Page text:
It’s supposedly a nothing game but you still can’t help being excited. Even though this season’s event was almost impossibly close to the World Cup, I still felt the crisp, clean sensation that came with the Charity Shield and the unofficial start of a new season.
That’s how it should be, I think. The new season which, by definition, starts everyone off from zero points ought to be treated with a fresh analysis. That isn’t to say we shouldn’t recognise or appreciate the significance of what has gone before. It’s self-evident that a side like Manchester City, which broke a plethora of league records last year, will be a title favourite. It’s also unremarkable to point out that at least one of the newly promoted sides might struggle, if it doesn’t strengthen its squad. However, the problems come when probability appears to become certainty.
The BBC pundit Chris Sutton was recently in hot water with Cardiff City’s Harry Arter over his early season predictions for the Bluebirds’ final league position. Sutton had based his opinion on Cardiff’s limited spend and his doubts about their goalscoring ability. However, though the former England striker may have been partly jesting with BBC presenter Jason Mohammad, the incident was revealing of a wider issue with this type of footballing analysis.
At the top of the league, several pundits have all but asked the Premier League to give the title to Manchester City now, such is the belief that they will replicate last season’s league results. Part of the reasoning appears to be that, last season, City finished 25 points ahead of Liverpool who are assumed to be their only viable contenders. At the bottom of the league, Sutton’s analysis of Cardiff’s relegation was predicted on the Bluebirds not having enough money or enough goalscoring potential.
The first thing that strikes you about the analysis of the title race is just how impervious it is to logic of the existing present. A new season means just that. Manchester City are clearly favourites based on what they have previously demonstrated as last season’s Champions. However, as Chelsea, Manchester United and Leicester can tell the Citizyens from bitter experience – defending a title is based on nothing else but the points you earn week by week.
This is not just a view. It is demonstrable fact that the league title has not been retained since 2008-9. Therefore, if we’re making predictions based on a title winner’s previous season’s form, the only certainty is that City will not win the 2018/19 title. But why would you do this when quality is quality? City should be favourites based on the fact that they have an excellent team. The best analysis is describing what you’re actually seeing not what you actually saw.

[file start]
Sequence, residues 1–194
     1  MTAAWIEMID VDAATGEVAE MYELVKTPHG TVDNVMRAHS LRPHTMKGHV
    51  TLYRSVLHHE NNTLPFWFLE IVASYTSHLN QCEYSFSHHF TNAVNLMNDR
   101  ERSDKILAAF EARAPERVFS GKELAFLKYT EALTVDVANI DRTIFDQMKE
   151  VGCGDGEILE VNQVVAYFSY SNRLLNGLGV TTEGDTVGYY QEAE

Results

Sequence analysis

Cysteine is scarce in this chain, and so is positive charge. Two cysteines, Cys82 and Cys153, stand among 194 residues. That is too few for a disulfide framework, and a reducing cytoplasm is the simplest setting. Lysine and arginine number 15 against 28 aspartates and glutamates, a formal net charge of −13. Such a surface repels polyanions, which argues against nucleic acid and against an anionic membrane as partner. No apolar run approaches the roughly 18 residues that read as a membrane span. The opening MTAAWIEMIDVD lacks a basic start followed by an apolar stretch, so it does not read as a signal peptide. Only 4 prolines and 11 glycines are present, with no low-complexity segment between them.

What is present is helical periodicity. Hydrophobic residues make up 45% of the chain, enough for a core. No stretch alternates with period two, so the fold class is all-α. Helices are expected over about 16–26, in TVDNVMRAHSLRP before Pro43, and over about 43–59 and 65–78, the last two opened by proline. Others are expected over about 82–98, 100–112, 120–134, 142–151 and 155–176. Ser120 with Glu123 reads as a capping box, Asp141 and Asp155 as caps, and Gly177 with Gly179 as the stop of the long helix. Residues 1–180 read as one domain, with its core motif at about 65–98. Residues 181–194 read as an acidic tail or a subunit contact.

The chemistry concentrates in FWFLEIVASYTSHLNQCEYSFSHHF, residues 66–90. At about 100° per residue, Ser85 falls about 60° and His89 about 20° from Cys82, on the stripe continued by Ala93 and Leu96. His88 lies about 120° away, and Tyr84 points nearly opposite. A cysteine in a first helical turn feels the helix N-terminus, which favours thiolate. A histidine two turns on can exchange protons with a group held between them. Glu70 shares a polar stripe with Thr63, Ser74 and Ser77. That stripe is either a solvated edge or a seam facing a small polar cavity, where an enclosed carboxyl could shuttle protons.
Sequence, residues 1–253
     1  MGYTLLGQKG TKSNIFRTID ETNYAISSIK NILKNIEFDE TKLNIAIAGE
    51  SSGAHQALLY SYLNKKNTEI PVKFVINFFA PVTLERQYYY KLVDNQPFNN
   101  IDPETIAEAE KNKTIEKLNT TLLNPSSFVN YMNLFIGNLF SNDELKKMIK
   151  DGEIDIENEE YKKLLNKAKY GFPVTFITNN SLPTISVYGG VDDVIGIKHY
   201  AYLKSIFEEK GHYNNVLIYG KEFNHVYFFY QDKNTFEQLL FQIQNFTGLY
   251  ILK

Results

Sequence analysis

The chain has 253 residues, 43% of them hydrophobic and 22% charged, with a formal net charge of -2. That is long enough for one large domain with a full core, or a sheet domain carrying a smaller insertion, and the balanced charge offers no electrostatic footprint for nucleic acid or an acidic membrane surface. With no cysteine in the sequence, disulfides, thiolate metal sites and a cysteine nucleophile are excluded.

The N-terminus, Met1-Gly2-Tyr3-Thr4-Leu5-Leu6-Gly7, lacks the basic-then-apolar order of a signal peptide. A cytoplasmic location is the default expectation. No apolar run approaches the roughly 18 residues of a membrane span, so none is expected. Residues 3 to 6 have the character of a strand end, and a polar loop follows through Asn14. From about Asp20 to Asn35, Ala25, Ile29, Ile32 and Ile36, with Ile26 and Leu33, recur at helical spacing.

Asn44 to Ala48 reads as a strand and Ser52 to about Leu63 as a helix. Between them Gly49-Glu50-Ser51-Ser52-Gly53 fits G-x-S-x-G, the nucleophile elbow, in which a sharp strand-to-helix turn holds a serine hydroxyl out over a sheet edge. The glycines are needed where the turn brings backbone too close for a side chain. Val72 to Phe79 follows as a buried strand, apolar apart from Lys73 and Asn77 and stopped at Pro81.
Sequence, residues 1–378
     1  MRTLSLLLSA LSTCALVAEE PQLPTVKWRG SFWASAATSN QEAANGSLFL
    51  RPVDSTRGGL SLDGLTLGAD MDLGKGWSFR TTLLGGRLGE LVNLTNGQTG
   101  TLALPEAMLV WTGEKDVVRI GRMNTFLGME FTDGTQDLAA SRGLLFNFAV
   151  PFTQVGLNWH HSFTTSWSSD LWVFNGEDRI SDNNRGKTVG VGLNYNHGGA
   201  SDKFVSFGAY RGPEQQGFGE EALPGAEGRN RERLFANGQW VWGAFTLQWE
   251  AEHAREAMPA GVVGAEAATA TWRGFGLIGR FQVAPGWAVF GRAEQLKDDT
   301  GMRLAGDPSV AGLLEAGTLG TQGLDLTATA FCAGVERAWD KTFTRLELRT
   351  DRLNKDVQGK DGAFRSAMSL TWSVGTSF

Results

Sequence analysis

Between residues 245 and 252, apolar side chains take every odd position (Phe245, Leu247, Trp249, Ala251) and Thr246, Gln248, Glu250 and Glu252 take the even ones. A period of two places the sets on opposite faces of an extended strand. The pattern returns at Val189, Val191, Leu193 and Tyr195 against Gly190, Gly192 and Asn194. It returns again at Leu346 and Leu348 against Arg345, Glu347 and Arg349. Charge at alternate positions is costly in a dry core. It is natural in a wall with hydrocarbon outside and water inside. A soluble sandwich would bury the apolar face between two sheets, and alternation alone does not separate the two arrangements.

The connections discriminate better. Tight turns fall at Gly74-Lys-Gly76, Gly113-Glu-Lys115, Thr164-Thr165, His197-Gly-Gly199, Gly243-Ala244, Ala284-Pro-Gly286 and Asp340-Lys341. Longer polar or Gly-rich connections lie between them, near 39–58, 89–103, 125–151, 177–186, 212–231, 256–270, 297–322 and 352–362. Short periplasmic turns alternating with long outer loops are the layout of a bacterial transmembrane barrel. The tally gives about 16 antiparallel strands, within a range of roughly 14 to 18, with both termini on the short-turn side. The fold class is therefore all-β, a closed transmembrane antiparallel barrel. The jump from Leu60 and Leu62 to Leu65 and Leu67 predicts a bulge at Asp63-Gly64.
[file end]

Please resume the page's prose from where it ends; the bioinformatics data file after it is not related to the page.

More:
It seems unusual that, despite the frequency with which pundits are encouraged to play this predictive game, so few are prepared to make the almost patronisingly easy point. This is the simple recognition that a season is not determined by what a club did last season or even (necessarily) by the quality of the football a side plays or the money it spends. It is determined by the points a side picks up week by week, in comparison with the other sides around it, that matters.
As it stands, there is no 25 point gap between Liverpool and City (who are both different sides to last year anyway). There is just a one goal difference between these two sides (heavily based on City’s thumping of a Huddersfield side that Chelsea had beaten 3-0 the week before).
The embyronic league table reveals little else except 6 sides at the top of the league with 100% records, with no regard to how they got them. It confirms that, currently, Cardiff City are not in the relegation zone (though other sides with more money and better pedigree are). And then there’s always the small matter of the 36 more games to play. That is all that we know but it feels remarkable that so much of the analysis of the league appears to reject it.
Take Chelsea for instance, here is a side that is unrecognisable from last year. The manager, tactical shape, spine and preferred footballing style are, even before viewing in earnest, night and day in comparison with last season. Who knows where this club could finish based on even these simple factors? And, if we’re going on previous seasons’ precedent, these are (almost to a tee) the exact changes of detail that usually ensure Chelsea win the league. Any takers for that prediction? I thought not.
Even Liverpool who bear more similarity with last season have vast differences in goakeeping and midfield departments. On what basis then is this Liverpool side chasing down a 25 point deficit to catch Manchester City? Do they have to play Manchester City nine times this season with last season’s team? Has the Premier League given them a 25 point deduction?
The strangeness of this way of thinking is also highlighted by its inconsistency. If City are to be granted the league now then why is it that Manchester United and Tottenham, who are closer still than Liverpool to their sides of last season, are not considered their closest challengers? You know the answer already: a new season has new variables.
Punditry can and must be about opinions, even those contradict your (naturally) perfectly considered one. However, it’s a strange business when so much of the chatter is so focused on what is past that it practically ignores what is present. Especially because, as we all know, the most predictable thing about football is its repeated capacity to shock.
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